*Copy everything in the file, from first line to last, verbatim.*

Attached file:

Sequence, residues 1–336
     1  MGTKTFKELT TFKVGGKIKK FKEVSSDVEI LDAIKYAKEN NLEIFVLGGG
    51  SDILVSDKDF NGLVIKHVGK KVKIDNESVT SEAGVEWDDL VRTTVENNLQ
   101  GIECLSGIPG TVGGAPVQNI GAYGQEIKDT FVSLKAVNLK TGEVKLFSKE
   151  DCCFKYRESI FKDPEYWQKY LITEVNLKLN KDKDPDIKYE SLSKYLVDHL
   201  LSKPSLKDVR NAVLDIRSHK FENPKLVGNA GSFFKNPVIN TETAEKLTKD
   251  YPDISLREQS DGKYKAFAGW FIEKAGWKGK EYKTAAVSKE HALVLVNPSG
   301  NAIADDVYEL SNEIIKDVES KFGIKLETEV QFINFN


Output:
Sequence, residues 1–336
     1  MGTKTFKELT TFKVGGKIKK FKEVSSDVEI LDAIKYAKEN NLEIFVLGGG
    51  SDILVSDKDF NGLVIKHVGK KVKIDNESVT SEAGVEWDDL VRTTVENNLQ
   101  GIECLSGIPG TVGGAPVQNI GAYGQEIKDT FVSLKAVNLK TGEVKLFSKE
   151  DCCFKYRESI FKDPEYWQKY LITEVNLKLN KDKDPDIKYE SLSKYLVDHL
   201  LSKPSLKDVR NAVLDIRSHK FENPKLVGNA GSFFKNPVIN TETAEKLTKD
   251  YPDISLREQS DGKYKAFAGW FIEKAGWKGK EYKTAAVSKE HALVLVNPSG
   301  NAIADDVYEL SNEIIKDVES KFGIKLETEV QFINFN